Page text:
For more information about agile addressing, see following documents at http://www.docs.hp.com.:
See also the HP-UX 11i v3 intro(7) manpage, and “About Multipathing” of this manual.
Figure 3-20 “Physical Disks Within Shared Storage Units” shows an illustration of mirrored storage using HA storage racks. In the example, node1 and node2 are cabled in a parallel configuration, each with redundant paths to two shared storage devices. Each of two nodes also has two (non-shared) internal disks which are used for the root file system, swap etc. Each shared storage unit has three disks, The device file names of the three disks on one of the two storage units are c0t0d0, c0t1d0, and c0t2d0. On the other, they are c1t0d0, c1t1d0, and c1t2d0.
Figure 3-21 “Mirrored Physical Disks” shows the individual disks combined in a multiple disk mirrored configuration.
Figure 3-22 “Multiple Devices Configured in Volume Groups” shows the mirrors configured into LVM volume groups, shown in the figure as /dev/vgpkgA and /dev/vgpkgB. The volume groups are activated by Serviceguard packages for use by highly available applications.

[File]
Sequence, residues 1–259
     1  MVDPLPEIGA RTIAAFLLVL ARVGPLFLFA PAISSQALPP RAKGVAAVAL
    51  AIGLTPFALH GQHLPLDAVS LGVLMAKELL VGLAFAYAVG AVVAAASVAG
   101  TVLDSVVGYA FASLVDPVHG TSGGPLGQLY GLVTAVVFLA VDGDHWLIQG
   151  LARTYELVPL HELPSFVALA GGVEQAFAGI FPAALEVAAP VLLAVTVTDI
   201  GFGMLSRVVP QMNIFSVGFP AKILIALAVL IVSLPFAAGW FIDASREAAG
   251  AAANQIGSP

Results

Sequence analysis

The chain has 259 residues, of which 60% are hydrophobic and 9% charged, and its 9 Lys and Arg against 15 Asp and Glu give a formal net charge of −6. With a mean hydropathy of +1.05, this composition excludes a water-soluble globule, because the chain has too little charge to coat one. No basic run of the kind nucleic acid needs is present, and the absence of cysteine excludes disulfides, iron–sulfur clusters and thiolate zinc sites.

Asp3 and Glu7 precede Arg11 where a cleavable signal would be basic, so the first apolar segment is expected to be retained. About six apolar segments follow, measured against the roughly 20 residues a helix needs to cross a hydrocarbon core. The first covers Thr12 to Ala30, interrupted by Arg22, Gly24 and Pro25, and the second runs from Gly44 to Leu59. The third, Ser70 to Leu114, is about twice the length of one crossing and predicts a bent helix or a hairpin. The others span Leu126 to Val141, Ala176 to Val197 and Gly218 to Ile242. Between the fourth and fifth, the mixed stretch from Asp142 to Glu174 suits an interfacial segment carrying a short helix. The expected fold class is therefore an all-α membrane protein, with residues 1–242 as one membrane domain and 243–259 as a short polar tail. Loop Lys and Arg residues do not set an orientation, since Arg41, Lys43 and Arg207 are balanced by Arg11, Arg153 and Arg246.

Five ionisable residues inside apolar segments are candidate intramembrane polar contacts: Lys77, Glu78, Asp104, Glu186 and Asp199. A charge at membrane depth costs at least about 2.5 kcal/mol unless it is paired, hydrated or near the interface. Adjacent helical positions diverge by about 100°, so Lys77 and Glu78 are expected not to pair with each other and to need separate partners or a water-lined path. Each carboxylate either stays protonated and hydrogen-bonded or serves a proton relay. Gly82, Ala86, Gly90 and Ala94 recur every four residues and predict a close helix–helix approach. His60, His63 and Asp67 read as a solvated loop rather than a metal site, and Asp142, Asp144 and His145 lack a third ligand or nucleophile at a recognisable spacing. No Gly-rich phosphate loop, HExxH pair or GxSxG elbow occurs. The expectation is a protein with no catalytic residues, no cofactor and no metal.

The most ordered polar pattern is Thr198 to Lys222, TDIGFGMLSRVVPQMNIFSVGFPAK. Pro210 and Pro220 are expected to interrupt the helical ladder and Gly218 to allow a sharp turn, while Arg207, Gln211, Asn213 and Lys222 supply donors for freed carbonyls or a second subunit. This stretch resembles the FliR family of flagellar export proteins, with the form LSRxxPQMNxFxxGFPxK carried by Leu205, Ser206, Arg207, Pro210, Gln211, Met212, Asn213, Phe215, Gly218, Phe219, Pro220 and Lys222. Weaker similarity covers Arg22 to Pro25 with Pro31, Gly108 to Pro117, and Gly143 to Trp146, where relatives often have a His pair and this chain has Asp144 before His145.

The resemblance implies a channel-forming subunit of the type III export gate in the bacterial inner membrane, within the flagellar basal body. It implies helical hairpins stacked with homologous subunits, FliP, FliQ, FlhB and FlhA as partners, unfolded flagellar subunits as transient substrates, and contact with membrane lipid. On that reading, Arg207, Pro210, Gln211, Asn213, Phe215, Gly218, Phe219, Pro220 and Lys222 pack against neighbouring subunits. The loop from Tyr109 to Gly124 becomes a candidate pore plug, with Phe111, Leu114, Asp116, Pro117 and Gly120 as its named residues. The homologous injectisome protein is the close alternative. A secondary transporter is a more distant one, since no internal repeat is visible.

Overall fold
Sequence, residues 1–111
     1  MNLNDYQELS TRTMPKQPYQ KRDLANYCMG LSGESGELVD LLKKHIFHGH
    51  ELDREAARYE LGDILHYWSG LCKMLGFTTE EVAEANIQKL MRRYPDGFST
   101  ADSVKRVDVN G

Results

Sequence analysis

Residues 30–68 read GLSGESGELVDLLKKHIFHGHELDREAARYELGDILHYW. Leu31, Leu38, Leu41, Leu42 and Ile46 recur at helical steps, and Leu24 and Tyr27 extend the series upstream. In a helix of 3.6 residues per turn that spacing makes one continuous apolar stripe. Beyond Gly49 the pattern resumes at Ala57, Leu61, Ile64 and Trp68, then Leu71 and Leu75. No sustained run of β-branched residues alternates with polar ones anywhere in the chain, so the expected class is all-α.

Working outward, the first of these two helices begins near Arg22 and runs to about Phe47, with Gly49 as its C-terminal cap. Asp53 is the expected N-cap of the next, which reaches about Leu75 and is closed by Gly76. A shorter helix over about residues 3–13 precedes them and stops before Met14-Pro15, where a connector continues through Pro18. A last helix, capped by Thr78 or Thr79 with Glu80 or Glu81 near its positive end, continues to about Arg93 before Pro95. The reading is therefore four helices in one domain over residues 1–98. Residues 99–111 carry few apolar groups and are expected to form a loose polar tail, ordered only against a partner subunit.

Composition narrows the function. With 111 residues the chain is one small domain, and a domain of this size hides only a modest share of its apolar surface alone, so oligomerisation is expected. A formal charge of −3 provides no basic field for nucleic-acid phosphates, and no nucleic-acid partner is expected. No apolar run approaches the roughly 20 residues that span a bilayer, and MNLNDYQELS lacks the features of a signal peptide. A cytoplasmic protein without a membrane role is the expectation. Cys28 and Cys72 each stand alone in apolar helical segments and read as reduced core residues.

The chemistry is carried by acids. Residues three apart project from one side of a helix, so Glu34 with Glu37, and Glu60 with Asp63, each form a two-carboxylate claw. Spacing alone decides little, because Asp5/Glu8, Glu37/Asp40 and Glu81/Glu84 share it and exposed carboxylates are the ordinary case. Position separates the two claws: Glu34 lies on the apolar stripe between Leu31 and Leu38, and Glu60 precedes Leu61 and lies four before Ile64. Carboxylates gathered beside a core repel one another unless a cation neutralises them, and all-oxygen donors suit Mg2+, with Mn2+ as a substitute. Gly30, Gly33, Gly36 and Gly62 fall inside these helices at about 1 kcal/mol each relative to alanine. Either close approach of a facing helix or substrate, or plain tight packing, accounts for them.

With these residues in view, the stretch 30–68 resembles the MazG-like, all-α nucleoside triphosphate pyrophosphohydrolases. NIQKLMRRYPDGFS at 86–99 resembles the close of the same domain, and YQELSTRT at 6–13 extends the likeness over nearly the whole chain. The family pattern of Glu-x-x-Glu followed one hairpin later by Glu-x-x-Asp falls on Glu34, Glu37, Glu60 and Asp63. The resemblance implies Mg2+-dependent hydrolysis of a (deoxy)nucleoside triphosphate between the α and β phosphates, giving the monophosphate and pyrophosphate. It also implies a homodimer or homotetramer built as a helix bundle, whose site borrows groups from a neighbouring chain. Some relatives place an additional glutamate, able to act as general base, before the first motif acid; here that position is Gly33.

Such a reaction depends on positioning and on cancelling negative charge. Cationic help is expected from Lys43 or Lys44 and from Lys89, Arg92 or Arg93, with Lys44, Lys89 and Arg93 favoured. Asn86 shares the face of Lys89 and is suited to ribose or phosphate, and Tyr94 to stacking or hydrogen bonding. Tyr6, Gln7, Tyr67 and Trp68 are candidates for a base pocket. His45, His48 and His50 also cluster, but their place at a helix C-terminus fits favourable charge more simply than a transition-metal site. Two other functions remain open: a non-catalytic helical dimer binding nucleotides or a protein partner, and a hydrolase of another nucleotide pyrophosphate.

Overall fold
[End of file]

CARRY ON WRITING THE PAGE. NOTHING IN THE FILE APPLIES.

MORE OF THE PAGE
Figure 3-23 “Physical Disks Combined into LUNs” shows an illustration of storage configured on a disk array. Physical disks are configured by an array utility program into logical units or LUNs which are then seen by the operating system.
Figure 3-24 “Multiple Paths to LUNs” shows LUNs configured with multiple paths (links) to provide redundant pathways to the data.
Finally, the multiple paths are configured into volume groups as shown in Figure 3-25 “Multiple Paths in Volume Groups”.
Serviceguard allows a choice of volume managers for data storage:
Separate sections in Chapters 5 and 6 explain how to configure cluster storage using all of these volume managers. The rest of the present section explains some of the differences among these available volume managers and offers suggestions about appropriate choices for your cluster environment.